SEATTLE -- The Washington Supreme Court ruled Thursday that student age doesn't matter in teacher-sex cases, even if the student is 18 and considered an adult by other state laws.
The case involves Matthew Hirschfelder, a former choir teacher at Hoquiam High School, who had been charged with first-degree sexual misconduct with a minor in 2006. An 18-year-old choir member told police she had been involved in a sexual relationship with him.
Hirschfelder, who was 33 at the time, denies any relationship occurred. He asked a lower-court judge to dismiss the case because the girl was not a minor. The judge refused to dismiss the case and encouraged the Court of Appeals to clarify what state law said on the issue. The appeals court ruled in January 2009 that the statute did not criminalize sexual relations between students and teachers.
A few months later, the Legislature clarified the law, saying all sex between school employees and full-time registered students 16 or older is illegal.
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The Supreme Court on a vote of 5-4 reversed the appeals court and said the state law was not unconstitutionally vague.
A former Richland High music teacher faced the same charge in 2007 for allegedly having weekly sex with an 18-year-old student in the school's band supply room, but a Benton County Superior Court judge said the law was too vague because "minor" wasn't defined. He dismissed the charge.
Prosecutors opted not to appeal the judge's decision because the victims didn't want to wait for a lengthy appeals process to be completed. Deputy Prosecutor Adrienne Farabee said Thursday that the Supreme Court's decision doesn't affect Allan Eve's case because it already is closed.
Eve, now 61, ended up pleading guilty in March 2009 to communicating with a minor for immoral purposes, a gross misdemeanor, for leaving intimate notes in another student's lockers. A third charge of fourth-degree assault with sexual motivation relating to another student was dropped in exchange for his plea.
The veteran Richland School District teacher was sentenced to 75 days on work release.
In the Hoquiam case, Rob Morgan Hill of Olympia, Hirschfelder's attorney, was surprised by the Supreme Court's ruling.
"I thought that the issues were so clear that it was logically impossible for them to decide as they did," Morgan Hill said.
He was surprised by the way the court ruled on unconstitutional vagueness, since the legal standard says a law should be written so a person of common intelligence will understand it.
The Supreme Court's decision implies that four Supreme Court judges and three appeals court justices have below common intelligence because they interpreted state law differently than the five justices in the majority, Morgan Hill said.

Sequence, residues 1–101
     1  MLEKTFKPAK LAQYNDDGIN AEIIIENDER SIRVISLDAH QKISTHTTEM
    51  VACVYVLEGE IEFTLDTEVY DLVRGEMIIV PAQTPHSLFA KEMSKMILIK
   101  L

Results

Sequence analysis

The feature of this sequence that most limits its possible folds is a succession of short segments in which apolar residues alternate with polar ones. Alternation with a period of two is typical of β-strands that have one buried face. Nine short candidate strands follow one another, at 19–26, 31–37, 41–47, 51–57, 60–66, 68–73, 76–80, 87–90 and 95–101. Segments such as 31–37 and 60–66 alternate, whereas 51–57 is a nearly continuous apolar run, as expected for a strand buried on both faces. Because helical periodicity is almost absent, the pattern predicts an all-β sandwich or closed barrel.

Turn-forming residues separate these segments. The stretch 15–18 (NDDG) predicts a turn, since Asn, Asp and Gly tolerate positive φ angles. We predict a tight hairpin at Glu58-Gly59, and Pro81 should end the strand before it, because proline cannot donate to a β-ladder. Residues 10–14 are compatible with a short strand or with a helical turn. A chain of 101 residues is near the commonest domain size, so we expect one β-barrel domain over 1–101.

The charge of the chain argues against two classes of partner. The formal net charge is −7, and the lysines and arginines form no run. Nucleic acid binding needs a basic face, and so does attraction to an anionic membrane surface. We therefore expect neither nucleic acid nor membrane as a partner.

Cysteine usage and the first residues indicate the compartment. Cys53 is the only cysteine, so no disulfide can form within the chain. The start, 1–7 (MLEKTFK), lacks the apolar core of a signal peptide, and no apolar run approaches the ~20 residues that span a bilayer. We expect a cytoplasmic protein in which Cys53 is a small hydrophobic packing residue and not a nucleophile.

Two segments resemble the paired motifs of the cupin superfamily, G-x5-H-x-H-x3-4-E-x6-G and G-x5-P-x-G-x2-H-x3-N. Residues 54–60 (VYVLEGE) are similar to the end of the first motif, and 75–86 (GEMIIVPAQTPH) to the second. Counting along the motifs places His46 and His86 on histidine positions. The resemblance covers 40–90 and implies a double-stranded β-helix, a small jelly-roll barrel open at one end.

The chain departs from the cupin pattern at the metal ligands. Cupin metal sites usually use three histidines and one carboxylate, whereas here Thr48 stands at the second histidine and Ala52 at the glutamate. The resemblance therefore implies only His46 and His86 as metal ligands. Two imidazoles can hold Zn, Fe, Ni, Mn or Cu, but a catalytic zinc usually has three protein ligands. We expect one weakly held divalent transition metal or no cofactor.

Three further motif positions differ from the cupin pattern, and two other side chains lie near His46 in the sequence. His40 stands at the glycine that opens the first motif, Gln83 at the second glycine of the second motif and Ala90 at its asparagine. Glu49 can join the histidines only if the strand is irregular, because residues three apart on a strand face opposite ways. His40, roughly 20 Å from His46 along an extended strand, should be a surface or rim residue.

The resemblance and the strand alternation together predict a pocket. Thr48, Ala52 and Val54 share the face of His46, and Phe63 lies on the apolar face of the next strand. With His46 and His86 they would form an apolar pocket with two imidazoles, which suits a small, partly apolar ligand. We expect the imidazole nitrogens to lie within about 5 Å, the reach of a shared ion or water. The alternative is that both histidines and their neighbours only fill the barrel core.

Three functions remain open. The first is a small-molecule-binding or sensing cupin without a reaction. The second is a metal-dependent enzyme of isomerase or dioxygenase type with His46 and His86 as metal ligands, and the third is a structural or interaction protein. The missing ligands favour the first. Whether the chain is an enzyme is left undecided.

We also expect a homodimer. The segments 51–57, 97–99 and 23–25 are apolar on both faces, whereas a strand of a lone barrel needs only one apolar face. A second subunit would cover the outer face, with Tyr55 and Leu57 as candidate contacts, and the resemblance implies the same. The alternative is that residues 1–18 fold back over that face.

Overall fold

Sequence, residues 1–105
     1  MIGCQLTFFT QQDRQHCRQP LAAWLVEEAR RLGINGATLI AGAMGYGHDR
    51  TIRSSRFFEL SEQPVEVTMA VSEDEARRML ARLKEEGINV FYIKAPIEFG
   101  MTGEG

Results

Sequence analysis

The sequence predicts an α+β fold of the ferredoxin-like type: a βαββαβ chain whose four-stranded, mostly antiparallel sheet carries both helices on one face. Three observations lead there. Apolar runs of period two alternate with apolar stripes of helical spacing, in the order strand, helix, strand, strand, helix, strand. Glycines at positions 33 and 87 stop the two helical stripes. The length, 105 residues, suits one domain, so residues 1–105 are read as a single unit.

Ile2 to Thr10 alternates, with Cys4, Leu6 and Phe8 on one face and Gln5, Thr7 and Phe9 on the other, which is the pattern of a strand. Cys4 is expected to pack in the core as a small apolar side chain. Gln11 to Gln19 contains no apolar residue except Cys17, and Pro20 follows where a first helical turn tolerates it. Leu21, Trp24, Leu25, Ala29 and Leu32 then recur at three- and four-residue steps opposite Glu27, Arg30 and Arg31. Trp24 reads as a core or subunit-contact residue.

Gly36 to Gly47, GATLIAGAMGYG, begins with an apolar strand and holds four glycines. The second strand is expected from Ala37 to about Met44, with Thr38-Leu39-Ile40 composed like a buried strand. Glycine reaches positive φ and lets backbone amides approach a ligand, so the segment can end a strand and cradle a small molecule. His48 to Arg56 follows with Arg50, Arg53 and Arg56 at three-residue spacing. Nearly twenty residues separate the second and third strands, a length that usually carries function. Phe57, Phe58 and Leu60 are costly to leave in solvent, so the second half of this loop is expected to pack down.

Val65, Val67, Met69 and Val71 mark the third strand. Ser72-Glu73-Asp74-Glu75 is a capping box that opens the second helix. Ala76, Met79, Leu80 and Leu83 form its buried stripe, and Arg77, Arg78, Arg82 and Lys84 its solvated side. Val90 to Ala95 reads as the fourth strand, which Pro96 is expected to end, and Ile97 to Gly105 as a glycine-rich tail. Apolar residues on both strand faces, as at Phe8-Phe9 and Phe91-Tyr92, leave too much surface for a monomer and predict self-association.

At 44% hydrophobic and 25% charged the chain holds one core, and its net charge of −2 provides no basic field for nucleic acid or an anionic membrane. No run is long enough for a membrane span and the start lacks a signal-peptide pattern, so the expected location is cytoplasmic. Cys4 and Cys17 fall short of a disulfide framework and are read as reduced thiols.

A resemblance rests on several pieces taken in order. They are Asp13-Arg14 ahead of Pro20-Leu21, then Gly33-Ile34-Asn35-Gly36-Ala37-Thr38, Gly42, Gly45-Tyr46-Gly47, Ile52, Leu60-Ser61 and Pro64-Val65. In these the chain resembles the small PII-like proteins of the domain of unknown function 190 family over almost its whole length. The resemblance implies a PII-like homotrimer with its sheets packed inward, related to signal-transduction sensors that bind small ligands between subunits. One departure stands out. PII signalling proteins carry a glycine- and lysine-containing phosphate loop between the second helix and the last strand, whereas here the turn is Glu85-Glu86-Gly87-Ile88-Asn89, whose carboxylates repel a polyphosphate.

"Which is bizarre," he added.
Morgan Hill said he expected his client would want to appeal this decision to the U.S. Supreme Court. They have 90 days to bring that petition.
Megan M. Valentine, Grays Harbor County deputy prosecuting attorney, said she felt the Supreme Court took a common sense approach to the case and was clear in explaining the reasons for their decision.
Hirschfelder argued that the former statute, entitled "sexual misconduct with a minor in the first degree" was not intended to criminalize sexual intercourse between school employees and registered students age 18 or older because of the statute's use of the word "minor."
He argued that the term "minor" is ambiguous.
In the decision, written by Justice Debra L. Stephens and signed by justices Barbara Madsen, Gerry Alexander, Mary Fairhurst and James Johnson, the justices argue that they must focus on the plain language of the statute, which prohibits sexual relations between school employees and registered students. They cite another statute that defines students as anyone enrolled in school and under 21.
"Reading 'minor' as Hirschfelder urges -- to exclude those students 18 or older -- renders the words 'registered student' in the statute meaningless," the decision said.
The dissent, written by Chief Justice Charles W. Johnson and signed by justices Susan Owens, Richard B. Sanders and Tom Chambers, argues the majority did not properly interpret state law and used the wrong statutes to make its argument, while ignoring others that would have fit the case better.
"The majority's conclusion is inconsistent with the statutory scheme, taken as a whole, and does not, ultimately make sense," Johnson wrote in his dissent.
He called the majority's explanations unpersuasive and imprecise.
The dissent also criticizes the majority for rewriting a "bright-line rule."
"We should not use the statute to criminalize conduct between two consenting adults where the Legislature has expressly provided otherwise," Johnson wrote.